Eighty students (including 40 women) between 17 and 48 years of age (M = 22.49, SD = 4.51) from the University of Lorraine were volunteers for this study. They were assigned to one of the four experimental conditions, with twenty participants (10 men and 10 women) per condition.
Experimental design and measures
Our research was conducted using a mixed design with expressive dissonance (without vs. with) and emotional valence (positive vs. negative) as between-subject factors and time of measure as within-subject factor (before vs. after the film).
Pre-test of the emotional valence of the film
Two extracts during 2 minutes were selected: Louis Malle’s “Au revoir les enfants” (1987) and an outtakes compilation. As expected, on a Likert-type seven-point scale (from 1 “extremely sad” to 7 “extremely happy”), the participants who watched the joyful film reported more happiness than those watching the sad film (respectively, Mjoyful extract = 6.40, SD = .55, 95% CI [6, 6.80] et Msad extract = 2.60, SD = 0.55, 95% CI [2.20, 3], t(8) = 10. 97, p < 0.01).
The participants responded to eight open questions on the film (e.g., “how many children were taken by the soldiers?”). An information recall score was calculated by allocating one point to each correct response.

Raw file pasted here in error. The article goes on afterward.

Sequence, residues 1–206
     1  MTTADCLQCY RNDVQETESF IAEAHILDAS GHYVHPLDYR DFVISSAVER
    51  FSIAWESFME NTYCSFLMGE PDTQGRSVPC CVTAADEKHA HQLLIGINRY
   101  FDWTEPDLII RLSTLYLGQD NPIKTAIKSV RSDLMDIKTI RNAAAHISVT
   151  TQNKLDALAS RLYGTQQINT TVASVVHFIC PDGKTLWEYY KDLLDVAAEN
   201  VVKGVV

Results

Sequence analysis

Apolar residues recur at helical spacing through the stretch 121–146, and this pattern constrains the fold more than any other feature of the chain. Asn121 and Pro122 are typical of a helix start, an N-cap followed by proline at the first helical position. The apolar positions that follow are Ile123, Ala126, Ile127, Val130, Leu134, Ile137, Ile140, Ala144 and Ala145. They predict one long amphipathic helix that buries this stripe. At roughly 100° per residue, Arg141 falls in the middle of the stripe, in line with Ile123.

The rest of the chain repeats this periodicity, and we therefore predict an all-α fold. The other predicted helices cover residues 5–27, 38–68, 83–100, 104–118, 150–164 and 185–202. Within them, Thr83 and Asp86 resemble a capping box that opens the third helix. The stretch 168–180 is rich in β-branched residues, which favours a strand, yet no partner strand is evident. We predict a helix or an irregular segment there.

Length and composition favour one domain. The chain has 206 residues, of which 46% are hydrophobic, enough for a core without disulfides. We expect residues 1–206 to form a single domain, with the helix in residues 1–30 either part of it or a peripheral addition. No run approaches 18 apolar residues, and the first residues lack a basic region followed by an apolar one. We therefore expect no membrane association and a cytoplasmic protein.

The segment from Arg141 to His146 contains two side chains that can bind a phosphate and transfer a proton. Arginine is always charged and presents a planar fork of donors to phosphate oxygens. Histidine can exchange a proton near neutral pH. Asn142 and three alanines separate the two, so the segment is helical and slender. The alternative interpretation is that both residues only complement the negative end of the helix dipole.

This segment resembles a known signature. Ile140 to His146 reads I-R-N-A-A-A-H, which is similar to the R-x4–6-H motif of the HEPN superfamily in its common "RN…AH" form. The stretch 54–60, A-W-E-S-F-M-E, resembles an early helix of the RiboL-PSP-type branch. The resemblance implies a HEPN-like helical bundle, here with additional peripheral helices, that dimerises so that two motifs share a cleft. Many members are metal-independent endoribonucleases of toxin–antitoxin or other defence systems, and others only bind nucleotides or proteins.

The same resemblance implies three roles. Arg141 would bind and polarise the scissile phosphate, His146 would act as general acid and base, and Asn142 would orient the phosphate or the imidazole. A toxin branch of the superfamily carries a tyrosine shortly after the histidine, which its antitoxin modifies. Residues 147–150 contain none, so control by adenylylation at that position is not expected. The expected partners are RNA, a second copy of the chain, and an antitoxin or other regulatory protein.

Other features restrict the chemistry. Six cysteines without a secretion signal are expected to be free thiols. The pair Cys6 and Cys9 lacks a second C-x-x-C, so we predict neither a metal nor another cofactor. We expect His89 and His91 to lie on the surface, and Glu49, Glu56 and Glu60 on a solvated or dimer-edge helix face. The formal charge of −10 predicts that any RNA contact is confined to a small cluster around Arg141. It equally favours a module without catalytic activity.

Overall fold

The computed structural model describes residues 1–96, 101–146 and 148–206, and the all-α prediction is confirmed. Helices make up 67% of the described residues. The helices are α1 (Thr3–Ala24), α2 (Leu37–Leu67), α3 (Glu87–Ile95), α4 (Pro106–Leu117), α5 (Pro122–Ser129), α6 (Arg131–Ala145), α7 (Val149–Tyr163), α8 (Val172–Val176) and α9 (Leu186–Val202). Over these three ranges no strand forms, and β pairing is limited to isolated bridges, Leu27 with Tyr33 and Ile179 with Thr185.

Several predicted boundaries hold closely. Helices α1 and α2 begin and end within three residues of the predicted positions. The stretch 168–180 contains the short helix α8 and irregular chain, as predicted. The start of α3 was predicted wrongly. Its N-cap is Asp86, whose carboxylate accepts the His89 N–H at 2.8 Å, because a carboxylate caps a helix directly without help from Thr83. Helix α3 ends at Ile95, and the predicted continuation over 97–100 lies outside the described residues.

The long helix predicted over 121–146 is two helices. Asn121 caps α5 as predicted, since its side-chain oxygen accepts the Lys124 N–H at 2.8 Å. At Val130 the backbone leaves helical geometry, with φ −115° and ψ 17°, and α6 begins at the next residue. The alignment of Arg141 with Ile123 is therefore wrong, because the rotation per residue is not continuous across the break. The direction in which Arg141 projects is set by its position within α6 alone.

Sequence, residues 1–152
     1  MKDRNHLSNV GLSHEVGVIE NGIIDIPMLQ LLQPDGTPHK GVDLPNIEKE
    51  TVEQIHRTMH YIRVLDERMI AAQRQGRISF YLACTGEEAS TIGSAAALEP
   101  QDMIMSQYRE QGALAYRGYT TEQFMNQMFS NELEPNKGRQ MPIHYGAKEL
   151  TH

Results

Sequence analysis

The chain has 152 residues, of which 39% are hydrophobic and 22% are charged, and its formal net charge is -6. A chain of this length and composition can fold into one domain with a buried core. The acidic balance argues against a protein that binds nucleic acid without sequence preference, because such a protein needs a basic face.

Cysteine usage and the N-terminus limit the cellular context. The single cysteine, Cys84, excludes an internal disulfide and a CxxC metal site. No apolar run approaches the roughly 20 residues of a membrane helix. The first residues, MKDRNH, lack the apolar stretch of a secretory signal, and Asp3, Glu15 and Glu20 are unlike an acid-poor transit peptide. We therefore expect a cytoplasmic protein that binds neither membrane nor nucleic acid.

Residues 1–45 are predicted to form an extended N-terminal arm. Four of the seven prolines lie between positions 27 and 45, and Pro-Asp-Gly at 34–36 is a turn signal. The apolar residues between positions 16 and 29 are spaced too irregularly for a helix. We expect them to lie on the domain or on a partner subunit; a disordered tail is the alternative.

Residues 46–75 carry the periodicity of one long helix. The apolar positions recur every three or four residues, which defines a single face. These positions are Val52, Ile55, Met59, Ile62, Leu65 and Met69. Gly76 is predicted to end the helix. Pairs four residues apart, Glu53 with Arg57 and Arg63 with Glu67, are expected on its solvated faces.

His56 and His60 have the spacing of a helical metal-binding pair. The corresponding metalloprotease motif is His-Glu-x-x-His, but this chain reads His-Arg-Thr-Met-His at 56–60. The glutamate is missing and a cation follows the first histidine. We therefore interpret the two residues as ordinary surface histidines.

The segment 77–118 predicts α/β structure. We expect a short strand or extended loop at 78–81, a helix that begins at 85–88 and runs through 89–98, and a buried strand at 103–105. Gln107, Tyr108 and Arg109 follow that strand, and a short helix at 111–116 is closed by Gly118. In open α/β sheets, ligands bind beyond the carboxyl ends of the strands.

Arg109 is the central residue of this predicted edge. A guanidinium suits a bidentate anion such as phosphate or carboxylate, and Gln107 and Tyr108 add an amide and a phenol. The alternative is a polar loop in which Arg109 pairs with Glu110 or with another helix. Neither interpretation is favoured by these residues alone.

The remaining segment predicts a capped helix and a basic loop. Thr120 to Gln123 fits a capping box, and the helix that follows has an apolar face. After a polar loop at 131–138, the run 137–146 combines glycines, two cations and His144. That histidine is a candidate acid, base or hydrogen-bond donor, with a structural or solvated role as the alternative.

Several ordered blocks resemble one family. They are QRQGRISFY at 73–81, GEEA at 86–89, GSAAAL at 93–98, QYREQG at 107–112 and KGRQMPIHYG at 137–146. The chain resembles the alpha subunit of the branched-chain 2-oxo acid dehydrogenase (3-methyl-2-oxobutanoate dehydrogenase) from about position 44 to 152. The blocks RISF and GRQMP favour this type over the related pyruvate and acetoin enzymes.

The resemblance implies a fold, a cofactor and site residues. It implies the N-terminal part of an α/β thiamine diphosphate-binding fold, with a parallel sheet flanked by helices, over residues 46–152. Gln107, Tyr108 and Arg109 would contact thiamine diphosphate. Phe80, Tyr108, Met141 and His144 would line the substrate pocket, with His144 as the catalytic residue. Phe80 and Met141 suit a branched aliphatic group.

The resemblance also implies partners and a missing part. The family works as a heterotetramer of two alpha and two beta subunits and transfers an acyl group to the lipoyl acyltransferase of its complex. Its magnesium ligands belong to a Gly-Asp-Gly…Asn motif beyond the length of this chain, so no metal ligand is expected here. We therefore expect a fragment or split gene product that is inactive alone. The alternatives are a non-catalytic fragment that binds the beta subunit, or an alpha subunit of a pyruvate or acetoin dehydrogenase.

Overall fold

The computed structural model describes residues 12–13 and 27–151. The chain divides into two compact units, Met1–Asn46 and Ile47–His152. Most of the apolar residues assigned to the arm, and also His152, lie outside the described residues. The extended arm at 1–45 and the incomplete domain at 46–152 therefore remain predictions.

In accordance with the recommendations of Elliott and Devine (1994), we measured the four dimensions of affect: negative self-directed affects, or NegSelf (e.g., disappointed in myself, disgusted with myself), psychological discomfort (e.g. uncomfortable, bothered), anxiety (e.g., stressed, worried, anxious), and positive affects (e.g., content, happy). In line with the work of Lecrique (2007), the participants indicated for each of the twenty adjectives what they felt at that moment (also adapted from Matz and Wood, 2005) on a scale of 1: does not correspond to what I feel, to 7: completely corresponds to what I feel.
The procedure used was similar to that of our first study. The experimenter was blind to the hypothesis. The experiment was run individually and participants were randomly assigned to one of four experimental conditions. On their arrival at the laboratory, the experimenter explained how the experiment would proceed. Then, the participants watched the first neutral extract (an extract from the film “Lines Horizontal”, McLaren, 1960). Then, for half of them, an instruction to be emotionally inconsistent was displayed on the screen before the sad or happy film (expressive dissonance condition); for the other half, an instruction inviting them to watch the sad or happy film in the most natural way possible was displayed (condition without expressive dissonance). Each participant also completed the dissonance thermometer twice (Elliot and Devine, 1994): before (T1) and after (T2) the film. Then, each participant completed a questionnaire on the sad or happy film (information recall task).
Preliminary results concerning the dissonance thermometer